Nova Scotia formally signs 2016 health funding deal with federal government | iNFOnews | Thompson-Okanagan's News Source

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Nova Scotia formally signs 2016 health funding deal with federal government

Nova Scotia Health Minister Randy Delorey, left, and Nova Scotia's regional representative in the federal cabinet, Scott Brison sign a bilateral heath deal in Halifax on Thursday, August 30, 2018. THE CANADIAN PRESS/Keith Doucette
August 30, 2018 - 12:37 PM

HALIFAX - A bilateral health deal that will see Nova Scotia get $286 million over 10 years from Ottawa for home care and mental health was formally signed in Halifax on Thursday.

Nova Scotia Health Minister Randy Delorey and the province's regional representative in the federal cabinet, Kings-Hants MP Scott Brison, inked an agreement initially reached in December 2016.

The money will be used to improve health care for youth, those who need home care or community care, and mental-health and addiction initiatives.

Brison said the funding is in line with the province's stated priorities.

"The investments we are making today are already making a difference, but will make a significant difference for people with brain injury," Brison said.

Delorey announced that $5 million over four years would be used to help people with acquired brain injuries.

He said the money would go towards a number of initiatives, including an expansion of a program at the IWK Children's Hospital that helps children with brain injuries transition out of hospital, and to improve access to continuing care programs for brain injury survivors.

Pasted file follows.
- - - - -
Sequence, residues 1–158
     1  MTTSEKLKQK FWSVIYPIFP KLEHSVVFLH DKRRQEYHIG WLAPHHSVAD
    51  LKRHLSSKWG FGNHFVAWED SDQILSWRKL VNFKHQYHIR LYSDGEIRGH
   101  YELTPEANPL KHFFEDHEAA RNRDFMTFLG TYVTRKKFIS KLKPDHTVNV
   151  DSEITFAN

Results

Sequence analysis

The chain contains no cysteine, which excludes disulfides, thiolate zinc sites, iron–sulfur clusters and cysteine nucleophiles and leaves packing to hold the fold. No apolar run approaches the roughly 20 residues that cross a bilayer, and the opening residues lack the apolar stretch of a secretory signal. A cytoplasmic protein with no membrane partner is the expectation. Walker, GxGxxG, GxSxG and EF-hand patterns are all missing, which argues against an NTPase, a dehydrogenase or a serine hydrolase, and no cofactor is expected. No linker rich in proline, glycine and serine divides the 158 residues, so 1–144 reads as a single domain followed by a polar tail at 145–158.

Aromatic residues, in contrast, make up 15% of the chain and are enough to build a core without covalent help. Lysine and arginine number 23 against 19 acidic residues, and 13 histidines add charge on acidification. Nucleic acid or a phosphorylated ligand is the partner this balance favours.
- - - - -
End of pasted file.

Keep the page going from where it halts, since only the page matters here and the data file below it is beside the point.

The funding would also enhance supports for those caring for people with brain injury and to help the Brain Injury Association of Nova Scotia provide survivors and families with more education and support.

Delorey said more details on other specific initiatives would be announced in the coming months.

To date, about $7.8 million of the overall funding package has flowed from the federal government to Nova Scotia, although no funding has been allocated so far for the current fiscal year, Delorey said. Officials said with Thursday's formal signing more money would begin to flow into Nova Scotia's priority areas.

Delorey said the two levels of government have been aligning their priorities since the initial agreement was reached.

"That's why it took a little bit of time before we got pen to paper," Delorey said. "We just had to get the categories lined up for where we are going to put our investments. And then the specific investments, like the one made on acquired brain injury, will be made as they are rolled out."

The funding announced Thursday was welcomed by Leona Burkey, executive director of the Brain Injury Association of Nova Scotia.

Burkey said about 150,000 people in the province are living with some form of disability, with as much as half that number the result of some form of brain injury.

She said the funding will help the association meet tangible goals including improving the overall treatment of brain injuries.

"I've heard more times than I can count, 'God help you if you sustain a brain injury in this province,'" said Burkey. "I truly believe now that we have some significant investment ... we can move from 'God help you,' to 'We can help.'"

News from © The Canadian Press, 2018
The Canadian Press

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